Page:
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Tue, 30 Jul 2019 17:05:31 +0000

Fibonacci Numbers
https://algonomics.io/blog/fibonaccinumbers/
Tue, 30 Jul 2019 17:05:31 +0000
https://algonomics.io/blog/fibonaccinumbers/
Fibonacci Numbers, named after the great Italian mathematician of the same name, are so popular that theres even a mathematical journal (The FIbonacci Quarterly) dedicated to their theory and applications.
From golden ratio (also known as phi), to their appearance in various natural settings like branches of a tree, seed patterns of a sunflower, veins of leaves and many more, fibonacci numbers can be found almost everywhere.
Recurrence Relation Mathematically, the $n^{th}$ fibonacci number can be represented as the sum of two previous fibonacci numbers: $F_{n}=F_{n1}+F_{n2}$ with a set of given initial values:

Permutations, Substrings and Subsequences
https://algonomics.io/blog/substringandsubsequences/
Tue, 18 Jun 2019 07:46:55 +0000
https://algonomics.io/blog/substringandsubsequences/
Let’s start this article by defining these terms:
Permutation: A permutation, also called an “arrangement number” or “order” is a rearrangement of the elements of an ordered list S into a onetoone correspondence with S itself. Substring: A substring is a contiguous sequence of characters within a string. The word contiguous is important here as you cannot skip words or characters between the selected words/characters in a substring. Subsequence: A subsequence is a sequence that can be derived from another sequence (sequence of characters in case of a string) by deleting some or no elements without changing the order of the remaining elements.

Permutations and Combinations
https://algonomics.io/blog/permutationscombinations/
Thu, 06 Jun 2019 07:46:55 +0000
https://algonomics.io/blog/permutationscombinations/
Before we look into various mathematical formulas, the first thing is to understand the difference between permutation and combination. Consider the following two scenarios:
Selecting 2 students from a class of 30 students to collect notebooks from rest of the students. Entering the unlock code on your cell phone. As you notice, in the first case the order does not matter; i.e. the students (say a,b) can be selected in any order {a,b} or {b,a}, the end result remains same.

Recursion
https://algonomics.io/blog/recursion/
Thu, 23 May 2019 03:48:01 +0000
https://algonomics.io/blog/recursion/
An algorithm design paradigm that is :
Based on “divide and conquer” approach. Is used to solve complex problems by breaking the original problems into small problems. Implemented by calling the same methods or routines for small subsets of the problems and then combining the results of those individual subsets. To understand recursion, one must first understand recursion  Stephan Hawking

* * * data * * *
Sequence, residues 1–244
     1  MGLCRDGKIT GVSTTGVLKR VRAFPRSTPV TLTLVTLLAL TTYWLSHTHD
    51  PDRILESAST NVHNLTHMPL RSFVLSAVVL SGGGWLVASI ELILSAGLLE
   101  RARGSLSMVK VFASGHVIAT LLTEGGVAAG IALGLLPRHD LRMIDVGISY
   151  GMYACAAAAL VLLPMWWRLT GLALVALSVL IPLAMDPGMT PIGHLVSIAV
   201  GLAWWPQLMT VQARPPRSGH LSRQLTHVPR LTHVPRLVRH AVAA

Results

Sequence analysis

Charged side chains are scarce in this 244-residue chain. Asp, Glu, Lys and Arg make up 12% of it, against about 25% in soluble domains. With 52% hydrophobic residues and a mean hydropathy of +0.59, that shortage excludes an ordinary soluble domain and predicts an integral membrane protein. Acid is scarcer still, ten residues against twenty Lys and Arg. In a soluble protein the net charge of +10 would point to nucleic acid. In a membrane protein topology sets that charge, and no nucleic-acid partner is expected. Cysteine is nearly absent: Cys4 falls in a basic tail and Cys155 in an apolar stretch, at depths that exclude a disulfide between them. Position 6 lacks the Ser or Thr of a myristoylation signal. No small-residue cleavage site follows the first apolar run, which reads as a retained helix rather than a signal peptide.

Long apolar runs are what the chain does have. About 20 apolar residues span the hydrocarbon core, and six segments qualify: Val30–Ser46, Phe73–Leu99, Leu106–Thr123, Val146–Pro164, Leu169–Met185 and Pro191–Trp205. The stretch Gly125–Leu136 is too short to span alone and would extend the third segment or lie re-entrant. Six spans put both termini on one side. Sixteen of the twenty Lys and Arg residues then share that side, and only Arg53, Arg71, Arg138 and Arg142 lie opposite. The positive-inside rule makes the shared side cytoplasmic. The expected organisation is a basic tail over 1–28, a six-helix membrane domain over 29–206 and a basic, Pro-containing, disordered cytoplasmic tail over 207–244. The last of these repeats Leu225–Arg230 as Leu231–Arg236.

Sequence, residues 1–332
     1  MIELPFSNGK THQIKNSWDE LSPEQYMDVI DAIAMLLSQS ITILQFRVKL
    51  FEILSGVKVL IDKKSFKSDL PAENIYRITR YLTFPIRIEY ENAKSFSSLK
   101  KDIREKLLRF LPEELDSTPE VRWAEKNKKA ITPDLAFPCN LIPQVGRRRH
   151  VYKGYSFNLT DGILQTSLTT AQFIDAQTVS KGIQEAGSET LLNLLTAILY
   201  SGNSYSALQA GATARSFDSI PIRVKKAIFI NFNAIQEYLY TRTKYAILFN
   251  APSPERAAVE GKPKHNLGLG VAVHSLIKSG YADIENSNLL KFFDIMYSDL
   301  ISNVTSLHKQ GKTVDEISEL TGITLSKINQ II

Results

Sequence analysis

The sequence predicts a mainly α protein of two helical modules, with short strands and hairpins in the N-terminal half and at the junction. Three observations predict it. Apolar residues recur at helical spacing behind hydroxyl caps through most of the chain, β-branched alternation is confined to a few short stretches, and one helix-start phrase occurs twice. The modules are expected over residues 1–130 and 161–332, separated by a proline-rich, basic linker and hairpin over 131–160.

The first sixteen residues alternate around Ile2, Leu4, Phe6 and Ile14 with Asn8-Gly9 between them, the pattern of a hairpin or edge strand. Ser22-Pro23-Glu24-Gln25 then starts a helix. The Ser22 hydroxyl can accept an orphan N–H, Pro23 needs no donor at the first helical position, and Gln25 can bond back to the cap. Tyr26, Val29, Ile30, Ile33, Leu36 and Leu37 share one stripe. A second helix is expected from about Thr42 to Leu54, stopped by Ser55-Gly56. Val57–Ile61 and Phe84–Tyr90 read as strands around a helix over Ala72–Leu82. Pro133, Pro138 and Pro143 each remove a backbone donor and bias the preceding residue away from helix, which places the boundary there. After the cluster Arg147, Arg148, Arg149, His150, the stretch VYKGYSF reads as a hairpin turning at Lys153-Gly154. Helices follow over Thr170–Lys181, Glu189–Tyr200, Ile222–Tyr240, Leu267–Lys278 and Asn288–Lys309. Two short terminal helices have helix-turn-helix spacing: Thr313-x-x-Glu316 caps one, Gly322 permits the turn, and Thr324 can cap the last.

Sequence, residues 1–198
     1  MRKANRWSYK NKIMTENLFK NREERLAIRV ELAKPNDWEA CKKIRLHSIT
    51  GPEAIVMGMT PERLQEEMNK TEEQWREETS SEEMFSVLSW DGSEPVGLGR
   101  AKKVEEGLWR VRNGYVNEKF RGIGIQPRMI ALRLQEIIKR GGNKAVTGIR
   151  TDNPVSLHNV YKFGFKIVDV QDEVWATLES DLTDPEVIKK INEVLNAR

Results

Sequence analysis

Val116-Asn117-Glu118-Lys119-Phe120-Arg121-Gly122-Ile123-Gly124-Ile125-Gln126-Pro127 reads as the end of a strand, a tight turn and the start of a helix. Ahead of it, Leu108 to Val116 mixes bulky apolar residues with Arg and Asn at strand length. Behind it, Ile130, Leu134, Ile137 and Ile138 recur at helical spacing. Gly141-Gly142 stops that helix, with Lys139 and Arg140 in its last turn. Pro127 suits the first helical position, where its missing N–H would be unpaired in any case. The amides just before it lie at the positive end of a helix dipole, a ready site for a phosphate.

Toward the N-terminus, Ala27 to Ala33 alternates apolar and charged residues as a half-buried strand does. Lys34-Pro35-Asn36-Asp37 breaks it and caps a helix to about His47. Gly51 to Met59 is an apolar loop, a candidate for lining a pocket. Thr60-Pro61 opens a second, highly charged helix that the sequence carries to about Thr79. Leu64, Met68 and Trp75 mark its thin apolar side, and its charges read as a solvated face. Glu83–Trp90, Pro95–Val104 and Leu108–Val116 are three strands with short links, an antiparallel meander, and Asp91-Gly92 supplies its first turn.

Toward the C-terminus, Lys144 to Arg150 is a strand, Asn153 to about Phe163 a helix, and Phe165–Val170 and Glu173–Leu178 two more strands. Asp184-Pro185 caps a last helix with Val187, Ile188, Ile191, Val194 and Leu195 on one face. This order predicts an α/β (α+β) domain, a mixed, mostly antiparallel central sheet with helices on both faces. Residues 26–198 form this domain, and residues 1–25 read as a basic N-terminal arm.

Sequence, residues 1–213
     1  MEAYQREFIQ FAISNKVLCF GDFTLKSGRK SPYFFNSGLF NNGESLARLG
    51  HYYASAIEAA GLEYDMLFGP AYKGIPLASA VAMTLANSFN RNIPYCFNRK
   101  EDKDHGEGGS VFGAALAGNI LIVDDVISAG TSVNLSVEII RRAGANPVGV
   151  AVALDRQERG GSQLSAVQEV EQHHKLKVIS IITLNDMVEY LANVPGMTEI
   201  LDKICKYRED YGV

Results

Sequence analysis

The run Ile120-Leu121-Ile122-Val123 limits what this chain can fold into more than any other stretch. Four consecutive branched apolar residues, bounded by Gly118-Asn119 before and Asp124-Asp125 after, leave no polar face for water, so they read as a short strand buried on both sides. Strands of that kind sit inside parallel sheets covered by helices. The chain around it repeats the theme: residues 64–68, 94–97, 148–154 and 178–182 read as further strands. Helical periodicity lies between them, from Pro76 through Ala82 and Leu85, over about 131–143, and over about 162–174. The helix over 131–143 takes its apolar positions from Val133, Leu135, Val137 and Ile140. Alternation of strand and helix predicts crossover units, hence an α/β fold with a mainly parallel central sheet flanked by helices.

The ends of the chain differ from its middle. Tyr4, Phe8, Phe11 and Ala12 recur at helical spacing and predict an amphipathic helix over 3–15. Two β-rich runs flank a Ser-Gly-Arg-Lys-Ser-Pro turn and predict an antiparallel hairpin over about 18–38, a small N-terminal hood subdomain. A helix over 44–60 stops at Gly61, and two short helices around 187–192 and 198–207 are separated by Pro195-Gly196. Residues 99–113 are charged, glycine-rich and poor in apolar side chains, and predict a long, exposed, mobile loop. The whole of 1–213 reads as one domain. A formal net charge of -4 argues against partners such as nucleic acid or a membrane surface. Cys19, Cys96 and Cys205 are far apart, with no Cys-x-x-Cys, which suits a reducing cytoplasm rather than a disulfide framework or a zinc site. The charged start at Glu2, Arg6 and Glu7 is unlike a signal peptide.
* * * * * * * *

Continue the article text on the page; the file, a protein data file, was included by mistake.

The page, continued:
Every recursive algorithm is comprised of two sections:

Bitwise Operations
https://algonomics.io/blog/bitwiseoperations/
Fri, 17 May 2019 03:48:01 +0000
https://algonomics.io/blog/bitwiseoperations/
Bitwise algorithms is a class of algorithms where instead of performing common operations like addition, comparisons etc on the decimal numbers, are performed on the individual bits that comprise those numbers.
The bitwise operations are considered very efficient as compared to their decimal counterparts.
Bitwise Operators Following is the list of bitwise operators:
Bitwise AND (&): Performs bitwise AND on the individual bits of the two operands.

Mathematical Progressions
https://algonomics.io/blog/mathematicalprogressions/
Mon, 06 May 2019 07:46:55 +0000
https://algonomics.io/blog/mathematicalprogressions/
A mathematical progression is a sequence of numbers such that all the members of the sequence are governed by certain rule, which defines the relation between consecutive terms. There are three types of mathematical progressions:
1. Arithmetic Progression An arithmetic progression (AP) or arithmetic sequence is a sequence of numbers such that the difference between the consecutive terms is constant.
For an AP with common difference as d and first term as $a_1$, the terms of the progression can be represented as: $a_1, a_1+d, a_1+2d, a_1+3d … a_1+(n1)d$

Quick Sort
https://algonomics.io/blog/quicksort/
Sun, 28 Apr 2019 16:38:01 +0530
https://algonomics.io/blog/quicksort/
Before we discuss the actual algorithm, keep in mind that Quick Sort algorithm does not justifies its name and is not the quickest sorting algorithm that you may have expected it to be (from its name).
There are other algorithms like MergeSort which outrun quick sort for worst case scenarios.
Ok, so enough of the preface, let’s talk about the actual algorithm.
QuickSort (like MergeSort) is another divide and conquer based algorithm that considers one pivot element at a time and sorts the elements of the input dataset around this element.

Merge Sort
https://algonomics.io/blog/mergesort/
Sat, 27 Apr 2019 07:46:55 +0000
https://algonomics.io/blog/mergesort/